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Bill Hicks documentary gives legendary comic subpar treatment
Largely under-appreciated in his lifetime, comedian Bill Hicks has since become one of the most influential and admired stand-ups in history. His posthumous success led to a myriad of CD releases and live tributes. Now, filmmakers Matt Harlock and Paul Thomas have given him the bio treatment with their documentary “American: The Bill Hicks Story.”
Unfortunately, the film frequently resembles something of a toothless cog. Hicks fans won’t learn anything they didn’t already know, and those unfamiliar with the comic only get an introductory course in his contributions to the world of stand-up. While Harlock and Thomas succeed in giving the man his due, Hicks’ voice as a social commentator is frequently drowned by their high concept visual style.
Hicks’ humor derived from his temper. Adrift in a world he considered lazy and inept, he laced the majority of his bits are with a cynical outlook on life. One of the main queries raised by Harlock and Thomas is the source of his ire, and how much of it was the real deal and how much was an act?
Because there isn’t much archival interview footage of the comedian, the film relies on testimonials from his friends and family to piece together his life. Beginning with his aspirations at age 13 to perform stand-up, the film constructs its narrative from photographs of Hicks at various points in his life that are given the animation treatment and typical Ken Burns effect.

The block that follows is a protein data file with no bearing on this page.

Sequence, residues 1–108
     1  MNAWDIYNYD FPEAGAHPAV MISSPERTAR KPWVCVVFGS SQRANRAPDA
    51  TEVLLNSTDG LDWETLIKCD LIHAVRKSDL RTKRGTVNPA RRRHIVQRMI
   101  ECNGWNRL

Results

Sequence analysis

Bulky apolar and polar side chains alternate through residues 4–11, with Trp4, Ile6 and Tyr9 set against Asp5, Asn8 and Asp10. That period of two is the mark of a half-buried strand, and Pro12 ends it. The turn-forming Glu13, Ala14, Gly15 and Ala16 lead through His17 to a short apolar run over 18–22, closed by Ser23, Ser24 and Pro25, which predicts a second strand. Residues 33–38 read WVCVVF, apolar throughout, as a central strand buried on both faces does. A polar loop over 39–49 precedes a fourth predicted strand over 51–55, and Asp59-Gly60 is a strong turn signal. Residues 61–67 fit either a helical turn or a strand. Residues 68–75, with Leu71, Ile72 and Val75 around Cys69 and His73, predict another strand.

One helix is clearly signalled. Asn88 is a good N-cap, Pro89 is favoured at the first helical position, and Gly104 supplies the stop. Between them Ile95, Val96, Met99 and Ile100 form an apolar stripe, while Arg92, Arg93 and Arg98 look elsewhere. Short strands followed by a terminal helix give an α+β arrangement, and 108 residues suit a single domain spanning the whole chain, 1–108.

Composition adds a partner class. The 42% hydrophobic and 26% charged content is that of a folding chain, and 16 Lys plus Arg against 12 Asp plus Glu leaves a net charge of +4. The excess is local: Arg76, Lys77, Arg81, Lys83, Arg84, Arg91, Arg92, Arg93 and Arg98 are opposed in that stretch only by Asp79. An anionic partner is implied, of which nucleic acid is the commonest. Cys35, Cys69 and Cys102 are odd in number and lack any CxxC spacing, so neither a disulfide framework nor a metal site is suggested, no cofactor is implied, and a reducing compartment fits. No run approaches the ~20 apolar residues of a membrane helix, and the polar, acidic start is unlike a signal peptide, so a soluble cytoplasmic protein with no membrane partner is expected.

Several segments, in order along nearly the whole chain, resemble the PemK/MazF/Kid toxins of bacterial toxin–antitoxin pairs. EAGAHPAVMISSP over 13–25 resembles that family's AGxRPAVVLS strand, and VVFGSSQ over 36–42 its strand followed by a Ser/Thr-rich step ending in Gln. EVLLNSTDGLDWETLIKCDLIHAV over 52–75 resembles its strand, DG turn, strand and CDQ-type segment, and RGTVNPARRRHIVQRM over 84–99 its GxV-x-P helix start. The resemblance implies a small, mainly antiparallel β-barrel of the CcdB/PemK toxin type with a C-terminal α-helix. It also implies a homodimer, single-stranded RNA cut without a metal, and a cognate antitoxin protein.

The film doesn’t find its footing until we hear from the man himself, and the directors are able to illustrate how closely Hicks lived his life to what he preached on stage.
By the time we get there, though, the trip has been a garish and inauthentic foray that defies Hicks’ straightforward comic style. Their intentions are good, but Harlock and Thomas frequently miss the mark when it comes to rendering their subject in a faithful manner.
Hicks more than likely would have found the treatment inauthentic. They also fail to avoid typical bio-doc cliches when they delve into Hicks’ storied drug and alcohol abuse.
Still, it’s hard not to admire their intentions. During Hicks’ peak, America was elbow-deep in Reaganism and facing much of the same in then-president George H.W. Bush. That didn’t stop him from stirring the pot and taking aim squarely at the misconceptions of freedom and how so many Americans either fail to comprehend or are simply unaware of the true meaning at the center of our national identity. Hicks was constantly questioning the status quo; he never understood why everyone else didn’t do the same.
As a consummate contrarian, Hicks was unpretentious in character and pragmatic in his reasoning. He was also side-splittingly funny. He once compared his act to Noam Chomsky telling dick jokes.
Despite his brilliance, his acerbic diatribes rendered him little more than a cult figure during his career. Since his death from pancreatic cancer in 1994 at age 32, his status has grown considerably.
Harlock and Thomas’ film is undoubtedly an attempt to contribute to Hicks’s legacy as a kind of American folk hero—a traveling satirist who preached a message few wanted to hear yet remained committed to his cause.
“American” doesn’t necessarily do this idea injustice, but it doesn’t help it either. The film is about as straightforward and complacent as documentaries get. Hicks, a stand-up comedian who transcended mere joke-telling, was anything but.